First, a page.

How can marketers build relationships with customers within an ever-evolving digital world? Two professors point the way forward.
- May 01, 2018
Since 2016, professors Pradeep K. Chintagunta and Lil Mohan have been cohelming Digital Marketing for Executives, a three-day Executive Education course offered at Gleacher Center in downtown Chicago. Like other open-enrollment courses at Booth, it offers a chance for executives to take a step back from their day-to-day responsibilities in order to sharpen their skills and keep up with the evolving business landscape.
About three-fourths of those who sign up come from traditional verticals. It’s the remaining fourth, though, that help keep it eclectic. “I had a participant who worked for a large cosmetics company and another who was the CEO of a money-transfer business between here and Mexico,” Chintagunta recalled. For many, the course is their first Booth experience, and they find themselves learning alongside peers with diverse experiences—between two and three each session are over 60 years old, Chintagunta said.
Mohan, a renowned entrepreneur, teaches the framework and brings the applied perspective, while Chintagunta delves into the analytical topics.
Participants are asked to read a few thought-starter articles beforehand, including Think with Google’s “How Mobile Has Changed How People Get Things Done: New Consumer Behaviour Data” and Harvard Business Review’s “Competing on Customer Journeys.” They also complete a short questionnaire so that Chintagunta and Mohan know what role the participants play in their organization and what they hope to get out of the course.
In the first hour, the executives are assigned a team project to devise a holistic digital marketing strategy that they must complete and present to Chintagunta and Mohan on the final day. “I tell them not to pick a strategy for the whole, giant company,” Mohan said. “Instead, pick a division of the company and put yourself in the position where you can actually make a decision and make it happen within a 60-day window.”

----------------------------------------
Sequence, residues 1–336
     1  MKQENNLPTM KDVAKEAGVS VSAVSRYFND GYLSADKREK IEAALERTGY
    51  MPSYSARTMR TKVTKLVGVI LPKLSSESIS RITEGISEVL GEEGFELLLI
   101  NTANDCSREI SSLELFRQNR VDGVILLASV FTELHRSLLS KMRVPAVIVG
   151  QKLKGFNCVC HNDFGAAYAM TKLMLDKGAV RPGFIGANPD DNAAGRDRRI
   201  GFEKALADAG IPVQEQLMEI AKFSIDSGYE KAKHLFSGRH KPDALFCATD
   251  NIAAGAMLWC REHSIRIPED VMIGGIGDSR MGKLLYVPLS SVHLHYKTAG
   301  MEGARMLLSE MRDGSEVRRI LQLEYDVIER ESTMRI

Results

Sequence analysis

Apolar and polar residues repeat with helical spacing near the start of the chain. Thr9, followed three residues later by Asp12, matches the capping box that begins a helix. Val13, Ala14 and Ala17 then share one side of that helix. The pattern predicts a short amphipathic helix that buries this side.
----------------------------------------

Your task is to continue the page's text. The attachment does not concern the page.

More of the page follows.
Teams generally meet up after hours to design and fine-tune their strategies, as classroom time is devoted to several modules on what’s new and what’s next in the field. Mohan takes the lead on lessons, especially those relating to models and frameworks, content marketing, search marketing, mobile marketing, social-media, and omni-channel marketing.
Case studies on the likes of L’Oréal, Cisco, and Sephora are also introduced, with points of discussion such as, “What messages does Sephora need to convey to this target audience?”
Most important for Mohan to impart is that digital marketing is not about technology; it’s about people and relationships. “Digital marketing just happens to be a new medium by which you can build relationships,” he said. “I tell participants, ‘If you’re marketing on social media, you need to focus more on loyal customers, and here’s what you can do.’ That’s more important than a Twitter campaign or ad on Facebook.”